Some serious endowments over the past few years have meant that the college's finances are in good health for the time being. Lynch points out that, with all the other reform going on at the university, a new way of funding lectureships could be devised that would allow the university to fund them without breaking equal-opportunities laws. "It's down to the leadership of the college," she says. "The university prides itself on tradition. If the leadership doesn't ask, changes simply won't occur."
Some fellows also believe that more confidence about the college's status could bridge the image gap. "We have a niche market and there are still women who want it," says Anita Avramides, a philosophy fellow at the college. "Women value this place enormously once they're here. We have to get that message across."
One reason why St Hilda's is so highly prized by Lynch and Avramides is because women are so under-represented elsewhere in the university. Only 8.6 per cent of professors and 23 per cent of lecturers at Oxford are women. If St Hilda's goes co-ed, those numbers will drop further.
Oxford has not always been an equal-opportunities employer and it is taking time to catch up. "St Hilda's does an enormous job in Oxford, practically and ideologically," says Avramides. "An all-women Senior Common Room gives jobs for women and role models for students, and shows that women can run the show."
An all-women's college may also benefit students, according to research done by the psychologist Jane Mellanby in 2000. Women of equivalent ability routinely get far fewer firsts than men at Oxford, particularly in the humanities.
Dr Mellanby found that this was mostly because of lower confidence. "I suspect that being at a women's college and being taught that they can do it just as well as chaps gives them confidence," she says. Last year, seven out of St Hilda's 12 English finalists got firsts.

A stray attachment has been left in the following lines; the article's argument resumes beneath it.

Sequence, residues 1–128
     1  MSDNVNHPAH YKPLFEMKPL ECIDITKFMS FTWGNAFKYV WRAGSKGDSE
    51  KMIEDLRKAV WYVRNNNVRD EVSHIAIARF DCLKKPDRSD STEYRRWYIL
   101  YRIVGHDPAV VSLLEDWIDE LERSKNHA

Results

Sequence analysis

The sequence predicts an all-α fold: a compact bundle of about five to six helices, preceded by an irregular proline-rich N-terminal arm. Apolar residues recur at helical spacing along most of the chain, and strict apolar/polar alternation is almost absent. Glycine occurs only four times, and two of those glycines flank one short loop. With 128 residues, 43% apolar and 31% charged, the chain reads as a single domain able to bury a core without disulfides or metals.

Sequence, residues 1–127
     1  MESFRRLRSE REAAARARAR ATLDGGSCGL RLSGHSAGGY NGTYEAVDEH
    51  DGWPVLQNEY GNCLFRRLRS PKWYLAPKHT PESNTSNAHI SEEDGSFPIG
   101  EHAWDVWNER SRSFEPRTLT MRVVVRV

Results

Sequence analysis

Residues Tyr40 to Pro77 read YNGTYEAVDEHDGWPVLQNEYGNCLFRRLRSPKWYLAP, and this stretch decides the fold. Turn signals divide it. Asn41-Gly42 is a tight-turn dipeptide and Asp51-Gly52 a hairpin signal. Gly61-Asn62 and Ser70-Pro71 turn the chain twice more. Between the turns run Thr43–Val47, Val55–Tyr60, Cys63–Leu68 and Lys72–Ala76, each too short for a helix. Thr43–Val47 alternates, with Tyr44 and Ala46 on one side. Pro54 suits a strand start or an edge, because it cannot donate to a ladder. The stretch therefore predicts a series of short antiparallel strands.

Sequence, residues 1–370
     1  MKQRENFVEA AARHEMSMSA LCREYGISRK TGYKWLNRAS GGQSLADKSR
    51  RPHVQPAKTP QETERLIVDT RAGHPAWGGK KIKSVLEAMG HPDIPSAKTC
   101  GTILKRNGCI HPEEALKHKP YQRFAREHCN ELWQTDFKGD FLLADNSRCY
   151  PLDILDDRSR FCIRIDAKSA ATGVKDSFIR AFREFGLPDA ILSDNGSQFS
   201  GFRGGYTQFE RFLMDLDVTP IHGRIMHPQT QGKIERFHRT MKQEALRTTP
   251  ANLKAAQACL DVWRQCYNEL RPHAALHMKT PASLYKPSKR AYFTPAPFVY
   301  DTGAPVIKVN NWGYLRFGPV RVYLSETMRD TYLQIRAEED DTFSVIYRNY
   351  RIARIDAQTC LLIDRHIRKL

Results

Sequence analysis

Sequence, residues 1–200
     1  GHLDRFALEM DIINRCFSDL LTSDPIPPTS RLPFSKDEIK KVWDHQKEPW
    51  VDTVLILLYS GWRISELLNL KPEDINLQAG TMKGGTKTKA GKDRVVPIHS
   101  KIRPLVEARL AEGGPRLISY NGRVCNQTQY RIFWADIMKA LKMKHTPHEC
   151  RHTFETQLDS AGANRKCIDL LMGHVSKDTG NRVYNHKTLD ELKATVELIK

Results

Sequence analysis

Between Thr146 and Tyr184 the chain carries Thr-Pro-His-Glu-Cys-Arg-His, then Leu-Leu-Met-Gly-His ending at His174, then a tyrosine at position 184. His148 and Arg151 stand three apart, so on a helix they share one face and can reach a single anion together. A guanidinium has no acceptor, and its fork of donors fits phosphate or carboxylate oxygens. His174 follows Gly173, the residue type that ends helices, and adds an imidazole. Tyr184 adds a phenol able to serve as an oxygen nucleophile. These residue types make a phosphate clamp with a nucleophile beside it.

Dr Mellanby left St Hilda's at the beginning of the year, bringing the governing body one vote closer to going mixed. With the decision rumoured to be a matter of just one or two swing votes and Lady English retiring in the summer of 2007, a vote is expected before the end of the year.
Lady English says she will wait until she is sure that the governing body will choose to go mixed. "It wouldn't be helpful to have a vote that doesn't achieve change," she says.
In private, some students accuse the principal of only appointing fellows who support her plans. Lady English dismisses this as nonsense, but the fact that the accusation is being made is indicative of the bad blood surrounding the debate. Some alumni are worried about the damage being done to the college. The former Conservative minister Gillian Shephard, now Baroness Shephard of Northwold, has been a strong advocate of St Hilda's as a women's college in the past, but now believes the time has come to bring the debate to an end.
"The college could succeed very well as an all-women college," she says. "But if the will is lacking and if enough people feel the college is threatened, you've got to be wholehearted, you've got to go mixed."
No way, say the dissenting dons. "The argument that people should give up their convictions and put their vote behind the majority is a dangerous way of thinking," says Avramides. "We should vote for ourselves and as we see fit for the college. The fact that we don't take the decision lightly shows our commitment to women's education."
It is a refusal to say die that suggests that reports of the Hildabeest's demise may have been exaggerated. But if the feminist cloister does not get back in fashion soon, the boys at the gates won't have much longer to wait.Reuse content